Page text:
The superintendent was concerned because children were missing school frequently for non-contagious illnesses, and there were no health care providers in Anguilla and limited health care resources in Rolling Fork, the next-closest town. Parents were picking children up from school and keeping them home for several days at a time. As a result, students were missing valuable classroom time and were not adequately prepared for state testing, Haynie said.

“Kayla and I discussed these concerns and developed a plan,” said Haynie. “We knew the first step was to conduct a needs assessment in order to determine if the parents, faculty and staff perceived that there was a need for a school-based health center. Kayla submitted a proposal to IRB, developed a questionnaire and implemented the research throughout the South Delta School District.

“The results revealed that there was a definite need for a health center at all schools, as well as a need for health education on a variety of topics. These results were used in a successful application to W.K. Kellogg Foundation for funding in late 2011.”

The first clinic opened Feb. 1, 2012, at South Delta Middle School. Since then, clinics also have opened at South Delta Elementary and Ripley-Blackwell Head Start.

“My experience in the honors college helped me identify where I wanted to take my life and career,” Carr said. “I knew I loved biological science and enjoyed working with people, but I wasn’t sure what this looked like long term. Seeing South Africa’s health disparities, coupled with ‘out-of-the-box’ solutions like a mobile unit, inspired me to seek innovative ways to care for patients back home. The experience was invaluable.”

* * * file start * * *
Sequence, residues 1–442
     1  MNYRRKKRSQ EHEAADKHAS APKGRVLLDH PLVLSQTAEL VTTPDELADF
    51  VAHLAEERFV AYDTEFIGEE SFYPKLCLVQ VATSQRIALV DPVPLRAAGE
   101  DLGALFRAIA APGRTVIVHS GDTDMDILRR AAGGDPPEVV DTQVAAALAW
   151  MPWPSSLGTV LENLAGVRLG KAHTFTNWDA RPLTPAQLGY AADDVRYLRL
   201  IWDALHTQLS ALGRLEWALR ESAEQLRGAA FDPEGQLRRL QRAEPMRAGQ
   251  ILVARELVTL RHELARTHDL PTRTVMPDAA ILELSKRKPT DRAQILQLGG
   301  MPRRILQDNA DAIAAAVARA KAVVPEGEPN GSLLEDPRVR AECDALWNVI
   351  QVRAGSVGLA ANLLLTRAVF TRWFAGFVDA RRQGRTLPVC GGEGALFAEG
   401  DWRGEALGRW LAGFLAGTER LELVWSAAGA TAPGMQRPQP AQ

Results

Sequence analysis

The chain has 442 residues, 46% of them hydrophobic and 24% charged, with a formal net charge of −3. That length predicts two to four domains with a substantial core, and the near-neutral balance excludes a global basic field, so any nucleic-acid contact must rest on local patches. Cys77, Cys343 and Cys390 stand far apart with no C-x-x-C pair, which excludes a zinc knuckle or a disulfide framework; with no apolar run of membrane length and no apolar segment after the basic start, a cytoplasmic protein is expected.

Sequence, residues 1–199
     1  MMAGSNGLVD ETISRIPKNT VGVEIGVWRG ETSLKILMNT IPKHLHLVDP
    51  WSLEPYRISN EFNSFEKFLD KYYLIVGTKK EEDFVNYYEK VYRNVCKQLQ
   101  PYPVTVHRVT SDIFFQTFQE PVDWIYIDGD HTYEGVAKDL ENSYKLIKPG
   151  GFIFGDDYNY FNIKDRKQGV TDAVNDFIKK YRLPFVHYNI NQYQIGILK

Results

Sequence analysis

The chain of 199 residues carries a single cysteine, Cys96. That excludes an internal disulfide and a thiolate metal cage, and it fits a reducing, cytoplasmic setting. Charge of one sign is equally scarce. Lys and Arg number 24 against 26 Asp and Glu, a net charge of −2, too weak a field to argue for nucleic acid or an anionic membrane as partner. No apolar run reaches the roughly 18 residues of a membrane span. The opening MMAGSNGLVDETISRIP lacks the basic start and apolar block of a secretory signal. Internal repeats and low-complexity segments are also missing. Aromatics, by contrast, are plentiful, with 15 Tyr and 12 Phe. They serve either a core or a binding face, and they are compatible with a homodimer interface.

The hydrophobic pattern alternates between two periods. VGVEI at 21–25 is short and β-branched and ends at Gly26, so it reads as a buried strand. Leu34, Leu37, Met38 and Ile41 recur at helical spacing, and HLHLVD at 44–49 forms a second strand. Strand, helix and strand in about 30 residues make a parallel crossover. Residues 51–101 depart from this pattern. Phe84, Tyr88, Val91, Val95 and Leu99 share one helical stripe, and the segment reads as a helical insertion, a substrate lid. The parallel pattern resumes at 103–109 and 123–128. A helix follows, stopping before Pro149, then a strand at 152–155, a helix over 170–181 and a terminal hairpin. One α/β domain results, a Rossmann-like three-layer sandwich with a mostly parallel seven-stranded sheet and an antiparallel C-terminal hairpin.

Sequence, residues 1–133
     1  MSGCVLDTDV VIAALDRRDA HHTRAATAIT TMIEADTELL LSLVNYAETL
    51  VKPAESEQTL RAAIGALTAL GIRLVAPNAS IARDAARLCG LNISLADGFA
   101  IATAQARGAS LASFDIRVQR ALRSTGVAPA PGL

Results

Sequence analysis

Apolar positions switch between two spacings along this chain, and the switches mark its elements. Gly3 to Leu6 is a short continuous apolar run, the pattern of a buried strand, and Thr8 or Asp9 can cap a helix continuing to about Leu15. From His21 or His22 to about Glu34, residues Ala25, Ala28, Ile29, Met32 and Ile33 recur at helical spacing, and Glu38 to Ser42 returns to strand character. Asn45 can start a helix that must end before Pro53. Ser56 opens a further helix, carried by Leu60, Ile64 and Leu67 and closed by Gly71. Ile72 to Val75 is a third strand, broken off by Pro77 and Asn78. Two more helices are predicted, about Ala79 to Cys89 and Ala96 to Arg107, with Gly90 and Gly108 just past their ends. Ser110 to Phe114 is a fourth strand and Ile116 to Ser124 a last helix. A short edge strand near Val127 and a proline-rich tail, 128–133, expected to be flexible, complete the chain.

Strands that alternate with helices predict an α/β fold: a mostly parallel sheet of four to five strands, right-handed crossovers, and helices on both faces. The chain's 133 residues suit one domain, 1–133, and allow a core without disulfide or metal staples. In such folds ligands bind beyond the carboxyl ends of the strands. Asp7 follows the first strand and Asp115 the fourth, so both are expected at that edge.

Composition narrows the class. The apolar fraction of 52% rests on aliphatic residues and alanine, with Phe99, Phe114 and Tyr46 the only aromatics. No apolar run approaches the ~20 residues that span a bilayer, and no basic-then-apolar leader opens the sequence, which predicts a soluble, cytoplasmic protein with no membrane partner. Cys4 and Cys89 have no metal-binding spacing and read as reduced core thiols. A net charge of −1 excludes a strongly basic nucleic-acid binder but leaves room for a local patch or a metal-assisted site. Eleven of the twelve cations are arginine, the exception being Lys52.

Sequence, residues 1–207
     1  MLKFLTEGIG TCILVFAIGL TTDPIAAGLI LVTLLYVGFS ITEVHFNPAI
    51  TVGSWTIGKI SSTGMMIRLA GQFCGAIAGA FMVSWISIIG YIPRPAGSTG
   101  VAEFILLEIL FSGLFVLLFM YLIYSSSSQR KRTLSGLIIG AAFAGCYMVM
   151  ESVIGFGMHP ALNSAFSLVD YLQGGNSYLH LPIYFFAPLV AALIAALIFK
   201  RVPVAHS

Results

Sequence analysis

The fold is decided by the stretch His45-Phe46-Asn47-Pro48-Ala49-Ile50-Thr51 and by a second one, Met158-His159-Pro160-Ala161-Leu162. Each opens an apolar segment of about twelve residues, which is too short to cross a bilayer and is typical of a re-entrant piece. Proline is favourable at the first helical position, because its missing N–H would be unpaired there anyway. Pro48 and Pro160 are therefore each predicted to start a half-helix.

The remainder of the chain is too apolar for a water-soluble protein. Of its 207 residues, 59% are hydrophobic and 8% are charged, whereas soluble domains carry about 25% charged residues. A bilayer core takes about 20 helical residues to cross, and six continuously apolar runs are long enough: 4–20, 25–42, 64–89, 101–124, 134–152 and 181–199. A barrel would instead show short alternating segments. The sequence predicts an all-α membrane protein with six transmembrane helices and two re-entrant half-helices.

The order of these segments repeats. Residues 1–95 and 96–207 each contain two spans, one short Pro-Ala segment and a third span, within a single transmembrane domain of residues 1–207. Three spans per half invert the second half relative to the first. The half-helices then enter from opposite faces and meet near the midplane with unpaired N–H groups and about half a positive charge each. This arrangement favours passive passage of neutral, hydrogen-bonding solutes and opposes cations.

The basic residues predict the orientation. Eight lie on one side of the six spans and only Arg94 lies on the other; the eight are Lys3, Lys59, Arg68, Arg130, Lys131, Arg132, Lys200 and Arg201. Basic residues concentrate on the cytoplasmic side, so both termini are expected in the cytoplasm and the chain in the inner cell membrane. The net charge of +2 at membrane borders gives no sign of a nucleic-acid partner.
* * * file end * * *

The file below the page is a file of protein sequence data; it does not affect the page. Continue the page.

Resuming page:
Carr has not been the only student to benefit from unique research opportunities made available by the honors college and the School of Nursing.

“A wide variety of exploratory research studies have been conducted by Ole Miss Honors College students who graduated from our School of Nursing,” said Robin Wilkerson, director of the School of Nursing’s north Mississippi campus.

In addition to Carr’s research, other examples include 2007 graduate Elizabeth Fowler’s research on risk factors and co-morbidities in patients who have a do-not-resuscitate order and 2012 graduate Micaela DeLashmit’s qualitative research study of elders’ perceptions and expectations of health care. Current senior nursing student Charlsie Murphy is conducting a research study, “The Traditional Baccalaureate Student Nurse’s Experience in Choosing an Initial Area of Practice.”

Now, eight years after her maiden journey to South Africa, Carr, a 2010 honors college graduate, has completed a master’s degree and works as a family nurse practitioner for Mercy Delta. She also serves as a part-time faculty member in the School of Nursing, where she teaches Accelerated BSN students. She is also in the process of applying to doctoral programs.

In preparing for the future, as Carr grades nursing students’ care plans and gives STD and abstinence talks to groups of South Delta High School seniors, she remains grateful for the early lessons on rural health and access to care that she learned in South Africa nearly a decade ago.

“My experience in the honors college has brought me further than I ever thought possible,” Carr said. “It is a blessing to see a research idea come full circle into a project like Mercy Delta. I appreciate the opportunity to explore a problem like rural health-care disparity, research it and implement a plan of action.”